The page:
Roman coinage has existed about as long as Rome. Even emperors whose reigns did not last long often minted one or two coins in their image. Hadrian was Emperor of Rome between 117-138 C.E. The Roman Empire at that time was huge, and Hadrian halted outward expansion of the borders. As Roman Emperor, Hadrian was known for building the wall that marked the northern edge of the Roman province of Britannia. In his coinage, Hadrian was seen laureate, and often on the reverse of Roman coins the goddess Moneta was depicted. The depiction of Moneta speaks to the pecuniary success of the Roman Empire. Extremely taken with Greek culture, Hadrian took on several Greek lovers and attempted to make Athens the cultural capital of the Roman Empire. Hadrian travelled extensively in almost every province of Rome, often sleeping and dining with the soldiers. In his travels, Hadrian sought to unite the Roman empire under himself. Coins serve a similar purpose in reinforcing who holds power. Coins were one way of getting recognition throughout the empire, but provincial travel cemented that Hadrian was in charge.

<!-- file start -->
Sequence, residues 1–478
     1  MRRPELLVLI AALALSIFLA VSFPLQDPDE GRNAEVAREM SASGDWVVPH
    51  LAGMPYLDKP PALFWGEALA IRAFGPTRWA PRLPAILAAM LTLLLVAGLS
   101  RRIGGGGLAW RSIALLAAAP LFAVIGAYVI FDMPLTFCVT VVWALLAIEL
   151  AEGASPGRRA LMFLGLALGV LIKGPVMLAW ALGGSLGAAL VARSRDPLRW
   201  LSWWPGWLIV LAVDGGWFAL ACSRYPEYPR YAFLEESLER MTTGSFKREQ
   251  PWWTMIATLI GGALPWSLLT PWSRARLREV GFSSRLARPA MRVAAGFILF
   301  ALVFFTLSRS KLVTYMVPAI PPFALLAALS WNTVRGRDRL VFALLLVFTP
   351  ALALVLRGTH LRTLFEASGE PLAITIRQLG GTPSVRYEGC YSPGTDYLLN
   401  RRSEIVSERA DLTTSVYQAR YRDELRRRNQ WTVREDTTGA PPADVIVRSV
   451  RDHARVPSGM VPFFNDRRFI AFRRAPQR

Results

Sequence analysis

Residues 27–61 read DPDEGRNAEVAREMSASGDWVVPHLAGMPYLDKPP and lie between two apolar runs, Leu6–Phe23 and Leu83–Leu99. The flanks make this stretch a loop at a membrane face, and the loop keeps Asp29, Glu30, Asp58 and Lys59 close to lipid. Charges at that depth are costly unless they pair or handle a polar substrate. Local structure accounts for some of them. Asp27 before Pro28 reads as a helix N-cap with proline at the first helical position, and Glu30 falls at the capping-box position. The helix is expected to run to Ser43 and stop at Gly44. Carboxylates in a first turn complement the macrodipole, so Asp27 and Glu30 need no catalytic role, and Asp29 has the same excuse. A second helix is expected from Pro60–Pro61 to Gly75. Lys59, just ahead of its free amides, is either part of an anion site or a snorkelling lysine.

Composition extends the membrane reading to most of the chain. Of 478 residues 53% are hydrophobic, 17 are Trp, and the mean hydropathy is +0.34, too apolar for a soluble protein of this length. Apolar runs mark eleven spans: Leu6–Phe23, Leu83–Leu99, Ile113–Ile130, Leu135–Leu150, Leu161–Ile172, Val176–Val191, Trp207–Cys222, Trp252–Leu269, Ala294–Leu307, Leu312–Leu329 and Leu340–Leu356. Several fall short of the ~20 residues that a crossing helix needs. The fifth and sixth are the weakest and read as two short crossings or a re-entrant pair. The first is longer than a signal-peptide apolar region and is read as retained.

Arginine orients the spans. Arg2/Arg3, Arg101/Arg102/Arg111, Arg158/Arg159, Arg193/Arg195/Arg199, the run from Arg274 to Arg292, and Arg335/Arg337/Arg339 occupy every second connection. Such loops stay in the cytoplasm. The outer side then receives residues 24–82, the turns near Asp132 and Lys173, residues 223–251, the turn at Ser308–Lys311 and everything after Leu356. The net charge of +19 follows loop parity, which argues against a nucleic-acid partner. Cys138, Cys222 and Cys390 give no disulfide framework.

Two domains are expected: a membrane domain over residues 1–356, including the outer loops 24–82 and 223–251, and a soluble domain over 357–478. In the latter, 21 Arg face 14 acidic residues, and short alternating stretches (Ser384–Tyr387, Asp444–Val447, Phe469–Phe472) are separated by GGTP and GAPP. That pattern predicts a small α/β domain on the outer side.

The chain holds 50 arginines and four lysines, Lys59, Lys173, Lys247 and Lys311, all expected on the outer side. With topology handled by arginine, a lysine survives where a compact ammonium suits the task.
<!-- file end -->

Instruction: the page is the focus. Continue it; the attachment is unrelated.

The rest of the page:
-Constantine Botimer, Class of 2019